Thirty-nine of Origen’s homilies on the Gospel of Luke survive in Jerome’s Latin translation. Origen preached them in Caesarea, perhaps around 234 or 240, to a congregation of catechumens and faithful. Most of the homilies are short; on average, they treat about six verses of the Gospel and would have lasted between eight and twelve minutes. The first 33 homilies treat chapters one through four of Luke’s Gospel; the remaining six treat passages from the tenth to the twentieth chapters.
Origen’s homilies are the only extant patristic writing devoted to Luke’s Gospel before Ambrose’s Exposition on Luke, written ca. 390 (and Ambrose himself followed Origen, sometimes quite closely). Homilies 1 to 20 also constitute the only existing commentary from the pre-Nicene Church on either Infancy Narrative. Several hundred fragments of Origen’s homilies and commentary on Luke also survive, mostly in Greek.
Henri de Lubac formulated the important principle, “Observe Origen at work,” and Origen’s writings on Luke’s Gospel are an intriguing place to do that. Origen, the champion of spiritual interpretation, regulary beings with a painfully literal reading of the text. His first unit of understanding is the word, and often the key that unlocks the meaning of a word in the Bible for him is the use of that same word elsewhere in Scripture. Origen assumed that each word had a meaning that is both profound and relevant to the reader—for the Holy Spirit is never trite and what the Holy Spirit says must always touch the hearer.
This volume, the first English translation of the extant homilies and of fragments from the commentary on Luke, is an important addition to the growing body of Origen’s work now available in English.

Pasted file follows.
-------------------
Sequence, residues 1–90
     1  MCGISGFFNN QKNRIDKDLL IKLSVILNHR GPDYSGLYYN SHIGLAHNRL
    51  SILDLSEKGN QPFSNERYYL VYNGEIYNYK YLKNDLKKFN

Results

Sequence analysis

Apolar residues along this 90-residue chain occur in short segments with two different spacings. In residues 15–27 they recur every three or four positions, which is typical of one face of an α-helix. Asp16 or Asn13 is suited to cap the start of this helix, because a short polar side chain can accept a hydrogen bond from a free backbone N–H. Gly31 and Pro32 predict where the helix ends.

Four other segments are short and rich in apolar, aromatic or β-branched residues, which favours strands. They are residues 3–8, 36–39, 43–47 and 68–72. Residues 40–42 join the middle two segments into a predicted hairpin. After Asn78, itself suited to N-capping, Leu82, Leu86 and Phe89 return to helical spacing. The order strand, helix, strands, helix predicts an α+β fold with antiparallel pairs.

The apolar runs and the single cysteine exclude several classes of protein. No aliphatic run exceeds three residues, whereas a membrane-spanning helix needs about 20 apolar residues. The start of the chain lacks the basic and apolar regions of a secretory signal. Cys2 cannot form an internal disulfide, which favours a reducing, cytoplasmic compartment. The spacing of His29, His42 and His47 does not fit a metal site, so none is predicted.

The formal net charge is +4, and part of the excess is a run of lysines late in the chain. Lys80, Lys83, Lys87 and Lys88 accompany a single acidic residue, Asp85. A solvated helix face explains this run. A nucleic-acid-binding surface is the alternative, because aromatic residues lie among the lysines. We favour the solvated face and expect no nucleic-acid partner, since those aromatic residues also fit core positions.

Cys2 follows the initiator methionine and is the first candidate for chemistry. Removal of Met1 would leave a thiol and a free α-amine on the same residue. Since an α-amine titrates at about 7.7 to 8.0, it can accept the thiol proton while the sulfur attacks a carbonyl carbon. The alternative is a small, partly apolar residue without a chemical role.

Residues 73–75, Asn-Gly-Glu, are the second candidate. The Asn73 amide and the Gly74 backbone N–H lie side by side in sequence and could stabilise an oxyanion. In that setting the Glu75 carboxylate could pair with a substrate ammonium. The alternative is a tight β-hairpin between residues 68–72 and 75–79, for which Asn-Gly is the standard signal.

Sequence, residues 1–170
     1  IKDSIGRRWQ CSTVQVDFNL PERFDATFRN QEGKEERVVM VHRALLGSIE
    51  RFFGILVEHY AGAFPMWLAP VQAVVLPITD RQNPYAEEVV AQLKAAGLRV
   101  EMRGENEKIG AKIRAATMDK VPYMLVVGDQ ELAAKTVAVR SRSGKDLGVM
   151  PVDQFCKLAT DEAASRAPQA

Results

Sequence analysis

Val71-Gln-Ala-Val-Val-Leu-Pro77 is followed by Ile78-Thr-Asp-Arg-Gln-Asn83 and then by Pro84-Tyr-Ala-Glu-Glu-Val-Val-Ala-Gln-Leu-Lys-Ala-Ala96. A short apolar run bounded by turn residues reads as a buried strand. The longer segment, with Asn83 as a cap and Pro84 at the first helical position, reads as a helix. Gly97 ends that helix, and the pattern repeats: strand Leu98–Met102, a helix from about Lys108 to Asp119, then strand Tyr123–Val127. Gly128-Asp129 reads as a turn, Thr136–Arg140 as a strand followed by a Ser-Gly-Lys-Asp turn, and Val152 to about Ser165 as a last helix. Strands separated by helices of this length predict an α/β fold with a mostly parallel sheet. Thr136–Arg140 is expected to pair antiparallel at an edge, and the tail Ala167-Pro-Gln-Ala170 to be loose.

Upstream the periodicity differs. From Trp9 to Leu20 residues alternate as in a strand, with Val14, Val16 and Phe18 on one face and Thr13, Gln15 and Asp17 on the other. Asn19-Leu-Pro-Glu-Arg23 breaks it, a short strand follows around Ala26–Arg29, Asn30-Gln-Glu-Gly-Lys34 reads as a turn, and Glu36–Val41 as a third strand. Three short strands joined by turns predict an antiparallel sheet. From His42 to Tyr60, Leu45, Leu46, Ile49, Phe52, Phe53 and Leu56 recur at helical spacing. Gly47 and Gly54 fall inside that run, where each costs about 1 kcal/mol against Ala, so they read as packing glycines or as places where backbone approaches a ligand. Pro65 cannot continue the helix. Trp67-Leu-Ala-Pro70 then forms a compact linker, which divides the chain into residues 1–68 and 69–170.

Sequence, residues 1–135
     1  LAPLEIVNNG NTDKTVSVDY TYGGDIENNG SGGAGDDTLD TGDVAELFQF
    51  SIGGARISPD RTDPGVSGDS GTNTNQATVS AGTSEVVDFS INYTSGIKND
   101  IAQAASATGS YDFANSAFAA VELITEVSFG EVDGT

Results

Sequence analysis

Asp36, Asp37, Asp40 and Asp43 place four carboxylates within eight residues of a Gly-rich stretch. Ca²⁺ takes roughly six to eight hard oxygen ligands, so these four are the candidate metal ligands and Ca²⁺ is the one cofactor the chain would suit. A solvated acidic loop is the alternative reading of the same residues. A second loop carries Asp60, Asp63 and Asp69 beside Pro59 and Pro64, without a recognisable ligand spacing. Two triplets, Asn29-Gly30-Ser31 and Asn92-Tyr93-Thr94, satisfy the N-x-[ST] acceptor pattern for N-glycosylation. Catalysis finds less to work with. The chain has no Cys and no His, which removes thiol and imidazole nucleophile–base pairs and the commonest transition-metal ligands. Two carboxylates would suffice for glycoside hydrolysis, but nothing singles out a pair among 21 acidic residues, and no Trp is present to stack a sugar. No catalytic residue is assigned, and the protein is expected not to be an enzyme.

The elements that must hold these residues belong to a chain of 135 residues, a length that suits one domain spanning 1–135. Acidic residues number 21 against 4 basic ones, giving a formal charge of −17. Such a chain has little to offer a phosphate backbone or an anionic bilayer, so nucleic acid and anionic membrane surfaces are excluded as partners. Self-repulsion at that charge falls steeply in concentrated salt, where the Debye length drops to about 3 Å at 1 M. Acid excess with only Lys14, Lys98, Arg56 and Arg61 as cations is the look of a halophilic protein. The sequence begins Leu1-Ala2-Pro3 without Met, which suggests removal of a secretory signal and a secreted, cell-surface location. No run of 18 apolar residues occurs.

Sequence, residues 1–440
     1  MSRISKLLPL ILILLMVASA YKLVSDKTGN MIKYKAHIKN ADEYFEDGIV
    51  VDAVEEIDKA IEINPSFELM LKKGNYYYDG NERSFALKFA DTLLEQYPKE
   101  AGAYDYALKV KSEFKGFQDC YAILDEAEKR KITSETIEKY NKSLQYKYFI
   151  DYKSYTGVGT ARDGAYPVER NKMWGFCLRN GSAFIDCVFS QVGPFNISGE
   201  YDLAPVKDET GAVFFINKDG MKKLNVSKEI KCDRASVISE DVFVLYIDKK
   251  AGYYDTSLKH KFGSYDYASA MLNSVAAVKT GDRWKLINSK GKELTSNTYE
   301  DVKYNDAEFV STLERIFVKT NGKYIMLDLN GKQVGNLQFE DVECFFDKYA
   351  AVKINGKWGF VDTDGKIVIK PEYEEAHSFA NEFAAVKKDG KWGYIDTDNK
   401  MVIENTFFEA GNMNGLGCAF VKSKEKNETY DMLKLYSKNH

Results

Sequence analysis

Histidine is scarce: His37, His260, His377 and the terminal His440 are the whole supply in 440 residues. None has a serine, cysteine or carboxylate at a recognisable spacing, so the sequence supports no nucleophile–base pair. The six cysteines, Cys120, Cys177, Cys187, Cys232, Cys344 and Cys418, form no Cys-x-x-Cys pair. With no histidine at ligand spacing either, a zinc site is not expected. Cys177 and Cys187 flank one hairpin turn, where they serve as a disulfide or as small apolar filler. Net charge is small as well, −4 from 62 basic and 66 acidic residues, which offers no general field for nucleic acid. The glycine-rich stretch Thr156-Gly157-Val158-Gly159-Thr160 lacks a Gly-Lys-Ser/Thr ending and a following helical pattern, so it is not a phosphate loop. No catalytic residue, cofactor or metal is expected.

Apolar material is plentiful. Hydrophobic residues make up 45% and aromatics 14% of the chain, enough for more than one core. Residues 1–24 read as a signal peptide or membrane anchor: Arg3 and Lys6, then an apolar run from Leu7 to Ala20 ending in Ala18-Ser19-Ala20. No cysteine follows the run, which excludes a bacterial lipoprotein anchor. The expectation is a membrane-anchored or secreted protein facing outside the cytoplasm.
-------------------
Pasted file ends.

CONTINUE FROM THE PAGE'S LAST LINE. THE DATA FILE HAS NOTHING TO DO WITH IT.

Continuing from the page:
In the Logos edition, this volume is enhanced by amazing functionality. Important terms link to dictionaries, encyclopedias, and a wealth of other resources in your digital library. Perform powerful searches to find exactly what you’re looking for. Take the discussion with you using tablet and mobile apps. With Logos Bible Software, the most efficient and comprehensive research tools are in one place, so you get the most out of your study.
For more of the church fathers, check out the Fathers of the Church: Fathers of the Ante-Nicene Era (23 vols.).
“We should not think that steadfastness in faith comes to us through our carnal eyes; mind and reason have imparted it. Let unbelievers trust the signs and portents that human sight beholds. The faithful, prudent, and strong man should follow reason and the Word,18 and so distinguish truth from error.” (Page 7)
“To be just ‘in God’s sight’ is a difficult undertaking. It means that you do something good only for the sake of the good and you seek only God, who rewards a good work.” (Pages 11–12)
“Origen is the most important theologian of the Church before Nicaea, and one of the most influential Christian writers of all time.” (Page xv)
“People who want to offer an excuse for their sins claim that no one is without sin.” (Page 10)
“One of the elders9 wanted to interpret the parable as follows. The man who was going down is Adam. Jerusalem is paradise, and Jericho is the world. The robbers are hostile powers. The priest is the Law, the Levite is the prophets, and the Samaritan is Christ. The wounds are disobedience, the beast is the Lord’s body, the pandochium (that is, the stable),10 which accepts all who wish to enter,11 is the Church. And further, the two denarii mean the Father and the Son. The manager of the stable is the head of the Church, to whom its care has been entrusted. And the fact that the Samaritan promises he will return represents the Savior’s second coming.” (Page 138)